Malone scored again and Foster had two foul shots and completed a three-point play after a strong drive to the hoop. After Toni Kukoc made a jumper, Malone answered with his own from the foul line and Eisley's two free throws closed the quarter.

"I know Karl Malone well enough," Utah coach Jerry Sloan said. "I've been with him 12 years, and I've seen him and he always comes back and tries, always tries to play hard. I think he got himself involved emotionally defensively right from the beginning, which was important for us. He's an important factor when he does that. I think the offense goes a little better for us and the other players play off of him a little bit more."

The second period began with a technical foul on Pippen. Chris Morris scored twice around a basket by Foster, extending Utah's lead to 38-25 with 9:32 remaining.

Jordan answered a three-point play by Malone with a jumper and a follow slam by Foster with a three-point play, keeping Chicago within 43-33 at the 6:54 mark. But the Jazz countered with a 10-2 burst that included back-to-back three-pointers by Morris and Foster, opening their largest lead of the half at 53-35 on a drive by Malone with 4:44 left.

"The big guys whipped up on us tonight," Chicago coach Phil Jackson said. "Foster and Malone both did a great job out there. I thought the Jazz's energy was terrific. They got out and ran early. They did the things they do that makes them a great team."

Foster answered Pippen's two three-pointers with a follow shot and two free throws. The Jazz closed the quarter with another drive by Malone and a patented pick-and-roll from Malone to a cutting Stockton for a 61-45 bulge.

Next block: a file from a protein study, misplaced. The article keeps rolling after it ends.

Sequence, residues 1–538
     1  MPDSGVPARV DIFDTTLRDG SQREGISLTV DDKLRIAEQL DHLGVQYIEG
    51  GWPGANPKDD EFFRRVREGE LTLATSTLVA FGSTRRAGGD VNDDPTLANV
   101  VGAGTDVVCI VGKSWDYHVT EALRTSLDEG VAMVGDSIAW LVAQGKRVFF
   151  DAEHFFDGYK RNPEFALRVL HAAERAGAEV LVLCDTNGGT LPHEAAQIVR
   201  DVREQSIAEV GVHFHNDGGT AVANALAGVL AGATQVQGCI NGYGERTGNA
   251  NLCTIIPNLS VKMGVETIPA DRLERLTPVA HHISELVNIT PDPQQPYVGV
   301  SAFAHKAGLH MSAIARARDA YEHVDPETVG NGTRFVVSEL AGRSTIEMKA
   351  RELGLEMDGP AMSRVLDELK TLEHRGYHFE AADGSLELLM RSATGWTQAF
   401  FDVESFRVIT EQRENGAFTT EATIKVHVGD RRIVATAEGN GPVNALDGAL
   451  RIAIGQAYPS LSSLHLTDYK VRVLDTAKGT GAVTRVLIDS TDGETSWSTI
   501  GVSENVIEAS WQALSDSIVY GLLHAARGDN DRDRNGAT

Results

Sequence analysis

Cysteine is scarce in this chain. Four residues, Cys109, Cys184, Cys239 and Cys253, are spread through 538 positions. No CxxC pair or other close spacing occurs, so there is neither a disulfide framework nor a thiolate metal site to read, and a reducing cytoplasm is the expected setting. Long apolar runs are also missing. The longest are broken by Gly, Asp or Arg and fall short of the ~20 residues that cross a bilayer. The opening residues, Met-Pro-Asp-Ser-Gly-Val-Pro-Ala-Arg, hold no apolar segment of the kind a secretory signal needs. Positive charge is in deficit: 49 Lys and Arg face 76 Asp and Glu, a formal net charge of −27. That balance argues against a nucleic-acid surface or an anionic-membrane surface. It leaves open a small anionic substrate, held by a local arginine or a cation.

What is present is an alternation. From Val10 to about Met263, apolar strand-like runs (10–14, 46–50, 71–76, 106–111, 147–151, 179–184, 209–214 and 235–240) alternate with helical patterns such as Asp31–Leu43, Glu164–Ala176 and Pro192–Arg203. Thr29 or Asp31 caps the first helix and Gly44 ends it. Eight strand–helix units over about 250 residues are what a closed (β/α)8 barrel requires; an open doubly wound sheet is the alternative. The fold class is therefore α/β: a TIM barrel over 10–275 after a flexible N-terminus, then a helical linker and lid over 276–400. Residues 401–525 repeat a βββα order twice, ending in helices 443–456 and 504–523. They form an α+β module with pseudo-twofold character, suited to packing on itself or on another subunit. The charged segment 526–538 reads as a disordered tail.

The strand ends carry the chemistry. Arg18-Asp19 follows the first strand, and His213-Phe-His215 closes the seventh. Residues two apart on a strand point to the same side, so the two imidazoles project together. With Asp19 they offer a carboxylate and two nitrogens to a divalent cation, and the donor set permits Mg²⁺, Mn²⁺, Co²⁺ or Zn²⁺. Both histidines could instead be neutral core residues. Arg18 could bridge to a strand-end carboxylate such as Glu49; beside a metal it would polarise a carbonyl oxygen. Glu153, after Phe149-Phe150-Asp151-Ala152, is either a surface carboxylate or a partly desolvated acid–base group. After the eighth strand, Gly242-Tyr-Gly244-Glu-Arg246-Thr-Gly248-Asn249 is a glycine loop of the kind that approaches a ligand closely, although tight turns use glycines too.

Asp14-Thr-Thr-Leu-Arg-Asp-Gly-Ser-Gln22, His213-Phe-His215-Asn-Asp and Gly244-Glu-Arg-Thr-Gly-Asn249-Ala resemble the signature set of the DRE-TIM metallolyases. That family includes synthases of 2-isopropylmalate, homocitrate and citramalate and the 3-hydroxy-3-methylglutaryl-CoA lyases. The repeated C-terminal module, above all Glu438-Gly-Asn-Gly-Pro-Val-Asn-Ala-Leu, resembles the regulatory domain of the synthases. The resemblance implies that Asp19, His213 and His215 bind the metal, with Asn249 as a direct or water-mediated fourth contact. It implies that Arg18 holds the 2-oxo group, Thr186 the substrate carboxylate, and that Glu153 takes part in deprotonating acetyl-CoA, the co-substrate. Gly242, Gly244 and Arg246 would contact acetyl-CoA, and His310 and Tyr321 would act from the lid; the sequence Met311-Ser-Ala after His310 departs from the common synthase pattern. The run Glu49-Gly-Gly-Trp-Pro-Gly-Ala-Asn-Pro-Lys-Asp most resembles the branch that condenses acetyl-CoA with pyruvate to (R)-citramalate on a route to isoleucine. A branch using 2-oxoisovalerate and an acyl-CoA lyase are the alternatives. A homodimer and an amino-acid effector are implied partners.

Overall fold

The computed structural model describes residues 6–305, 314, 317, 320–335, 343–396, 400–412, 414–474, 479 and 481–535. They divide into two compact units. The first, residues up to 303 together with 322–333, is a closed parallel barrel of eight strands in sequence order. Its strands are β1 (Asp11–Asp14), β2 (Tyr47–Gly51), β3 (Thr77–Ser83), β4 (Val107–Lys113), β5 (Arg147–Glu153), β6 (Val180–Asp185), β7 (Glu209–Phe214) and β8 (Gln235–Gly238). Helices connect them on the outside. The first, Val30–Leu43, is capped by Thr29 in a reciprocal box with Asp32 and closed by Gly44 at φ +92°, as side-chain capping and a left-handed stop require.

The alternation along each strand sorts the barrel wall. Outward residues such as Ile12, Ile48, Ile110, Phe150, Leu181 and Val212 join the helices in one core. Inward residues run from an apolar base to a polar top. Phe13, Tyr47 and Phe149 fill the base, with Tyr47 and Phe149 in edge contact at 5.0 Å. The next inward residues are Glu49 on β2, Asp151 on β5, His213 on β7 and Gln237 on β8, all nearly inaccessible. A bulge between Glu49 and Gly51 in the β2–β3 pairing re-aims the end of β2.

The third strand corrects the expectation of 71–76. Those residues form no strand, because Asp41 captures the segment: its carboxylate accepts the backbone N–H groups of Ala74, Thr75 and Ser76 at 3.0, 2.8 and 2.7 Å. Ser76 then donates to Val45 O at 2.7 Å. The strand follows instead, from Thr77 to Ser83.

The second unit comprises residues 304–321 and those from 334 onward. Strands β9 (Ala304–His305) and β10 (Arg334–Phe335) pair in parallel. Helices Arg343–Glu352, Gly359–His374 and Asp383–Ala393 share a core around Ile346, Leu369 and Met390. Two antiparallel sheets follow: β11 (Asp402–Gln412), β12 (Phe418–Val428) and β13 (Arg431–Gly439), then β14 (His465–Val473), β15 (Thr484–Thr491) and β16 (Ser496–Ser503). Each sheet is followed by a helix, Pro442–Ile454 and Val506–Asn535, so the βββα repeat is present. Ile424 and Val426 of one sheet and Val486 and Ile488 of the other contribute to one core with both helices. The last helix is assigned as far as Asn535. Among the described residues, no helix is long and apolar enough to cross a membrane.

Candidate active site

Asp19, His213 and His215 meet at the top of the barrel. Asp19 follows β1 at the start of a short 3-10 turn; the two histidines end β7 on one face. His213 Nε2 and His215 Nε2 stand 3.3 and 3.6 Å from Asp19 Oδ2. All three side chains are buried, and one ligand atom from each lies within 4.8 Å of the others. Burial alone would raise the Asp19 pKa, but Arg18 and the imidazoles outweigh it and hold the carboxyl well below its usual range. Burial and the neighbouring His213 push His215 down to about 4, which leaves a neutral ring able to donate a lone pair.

The Jazz shot 53 percent (24-of-45) from the field in the first half while holding the Bulls to 42 percent (16-of-38). Jordan scored 14 points but was never the factor he was in the opening two games. Chicago's lone bright spot was Williams, who scored 10 points and was very active.

"Our defense never really reacted well towards Karl's explosiveness in the first half," Jordan said. "I think we kind of got laid back on our heels a little bit, the way he came out aggressively."

Utah poured it on in the third quarter. Greg Ostertag opened with a pair of inside baskets, building the lead to 20 points. A jumper by Luc Longley closed the deficit to 68-51, but Malone made a drive over Jordan and a jumper as Stockton was thrown to the floor. Stockton made the free throw, then fed Russell for a reverse dunk and a 75-51 lead with 6:46 remaining.

The Jazz went cold, missing 12 of their last 13 shots in the quarter. The Bulls scored the last seven points and entered the final period trailing 77-60.

Chicago kept coming in the fourth quarter but Utah responded. A tip by Williams cut the deficit to 80-69 but Russell and Malone buried jumpers, rebuilding the lead to 15 points midway through the period.

"I think you get in that situation when you're ahead," Sloan said. "You play a little too conservative and we kept telling them to play to win, not to lose. I think we got into that mode a little bit, where we were playing not to lose."

Two three-pointers each by Jordan and Pippen rallied Chicago within 90-83 with 2:49 remaining. But Malone made a drive, and after another three-pointer by Pippen, Malone and Foster each sank two free throws to effectively seal it at 94-83 with under two minutes to play.

Utah made its last 14 free throws and was 26-of-30 from the line.